A Wollongong real estate company is under investigation by the ACMA for sending out spam
The Australian Communications and Media Authority has issued a formal warning to Danielou Pty Ltd, trading as Elders Real Estate Wollongong, following an investigation that found the real estate agency breached the Spam Act 2003 by sending commercial electronic messages without an unsubscribe facility.
‘This is the first enforcement measure taken against a real estate agent since an ACMA awareness campaign about unsolicited communications targeted at the real estate sector,’ said Chris Cheah, acting Chairman of the ACMA.
The campaign was held in response to the ACMA’s concerns about widespread non-compliance with marketing obligations by members of the real estate sector. The ACMA wrote to more than forty head offices of leading real estate franchisors and companies in 2009, informing them of key obligations and providing links to online training and resources to increase awareness of legal obligations and of the consequences of non-compliance.
‘Real estate agents should consider themselves to be on notice,’ Cheah said. ‘Members of the industry need to understand that, even when they are dealing with potential buyers on a one-to-one basis, these interactions are commercial and they need to comply with spam and telemarketing laws.’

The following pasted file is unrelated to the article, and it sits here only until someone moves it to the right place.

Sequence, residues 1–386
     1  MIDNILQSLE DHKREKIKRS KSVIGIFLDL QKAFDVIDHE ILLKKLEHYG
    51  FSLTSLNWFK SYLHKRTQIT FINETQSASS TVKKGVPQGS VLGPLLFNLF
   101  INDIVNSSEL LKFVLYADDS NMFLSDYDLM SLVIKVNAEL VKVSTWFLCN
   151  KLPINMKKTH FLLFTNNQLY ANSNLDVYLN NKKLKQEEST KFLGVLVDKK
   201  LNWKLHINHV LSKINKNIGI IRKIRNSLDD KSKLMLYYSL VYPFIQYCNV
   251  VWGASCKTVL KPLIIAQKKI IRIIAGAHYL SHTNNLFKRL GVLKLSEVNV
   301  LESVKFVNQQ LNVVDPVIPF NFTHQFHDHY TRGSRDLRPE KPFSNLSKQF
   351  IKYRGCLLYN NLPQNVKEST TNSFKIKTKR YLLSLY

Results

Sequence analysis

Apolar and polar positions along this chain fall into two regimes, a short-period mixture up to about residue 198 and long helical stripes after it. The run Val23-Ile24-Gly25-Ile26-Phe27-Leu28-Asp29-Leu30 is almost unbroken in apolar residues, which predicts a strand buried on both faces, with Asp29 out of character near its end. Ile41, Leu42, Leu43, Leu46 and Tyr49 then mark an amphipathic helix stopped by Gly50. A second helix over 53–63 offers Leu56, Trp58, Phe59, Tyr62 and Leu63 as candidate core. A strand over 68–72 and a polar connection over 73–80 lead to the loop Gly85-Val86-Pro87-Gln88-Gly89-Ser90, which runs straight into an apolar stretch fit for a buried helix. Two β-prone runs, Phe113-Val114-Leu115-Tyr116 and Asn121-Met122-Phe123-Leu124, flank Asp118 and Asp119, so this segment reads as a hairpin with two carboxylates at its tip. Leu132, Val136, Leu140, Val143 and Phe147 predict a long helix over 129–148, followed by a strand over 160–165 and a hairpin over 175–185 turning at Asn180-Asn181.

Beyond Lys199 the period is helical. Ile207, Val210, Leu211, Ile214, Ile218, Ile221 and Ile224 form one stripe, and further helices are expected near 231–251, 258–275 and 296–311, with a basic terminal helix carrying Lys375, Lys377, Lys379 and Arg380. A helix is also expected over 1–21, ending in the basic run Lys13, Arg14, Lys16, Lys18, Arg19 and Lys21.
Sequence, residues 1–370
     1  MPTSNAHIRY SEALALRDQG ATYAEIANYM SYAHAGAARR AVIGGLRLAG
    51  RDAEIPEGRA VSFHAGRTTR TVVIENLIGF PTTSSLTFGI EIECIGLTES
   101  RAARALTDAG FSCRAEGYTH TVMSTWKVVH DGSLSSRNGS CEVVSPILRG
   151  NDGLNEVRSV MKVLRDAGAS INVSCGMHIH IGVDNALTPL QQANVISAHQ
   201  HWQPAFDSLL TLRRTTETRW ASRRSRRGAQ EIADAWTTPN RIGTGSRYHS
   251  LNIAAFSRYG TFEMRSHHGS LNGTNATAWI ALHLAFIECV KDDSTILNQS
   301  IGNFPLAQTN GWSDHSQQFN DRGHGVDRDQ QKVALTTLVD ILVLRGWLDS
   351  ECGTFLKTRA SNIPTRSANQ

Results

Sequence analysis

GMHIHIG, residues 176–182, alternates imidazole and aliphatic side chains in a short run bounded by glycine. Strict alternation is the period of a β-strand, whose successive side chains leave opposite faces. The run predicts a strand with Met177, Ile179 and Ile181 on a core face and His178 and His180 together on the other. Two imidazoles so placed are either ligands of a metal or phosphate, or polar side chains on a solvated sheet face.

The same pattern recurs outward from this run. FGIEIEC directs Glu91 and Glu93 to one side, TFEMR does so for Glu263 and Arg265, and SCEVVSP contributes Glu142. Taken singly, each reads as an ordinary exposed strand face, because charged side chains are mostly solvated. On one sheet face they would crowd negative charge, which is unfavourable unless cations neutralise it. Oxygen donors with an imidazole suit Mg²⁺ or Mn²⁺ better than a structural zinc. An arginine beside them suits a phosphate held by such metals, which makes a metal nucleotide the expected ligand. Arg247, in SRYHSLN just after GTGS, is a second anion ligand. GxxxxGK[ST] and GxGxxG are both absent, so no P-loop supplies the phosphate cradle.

Commercial electronic messages must be sent with the recipient’s consent and include a statement that the recipient can use an electronic address, provided in the message, to send an unsubscribe request. During the course of this investigation, the ACMA identified messages sent by Elders Real Estate Wollongong that did not contain unsubscribe wording to this effect.
The ACMA has taken a wide range of enforcement action against non-compliant ‘spammers’ in the last twelve months, including recent action in the Federal Court which resulted in significant penalties being imposed on both individuals and companies.
Under the Spam Act, potential penalties of up to $1.1 million per day may be imposed by the Federal Court for repeat offenders.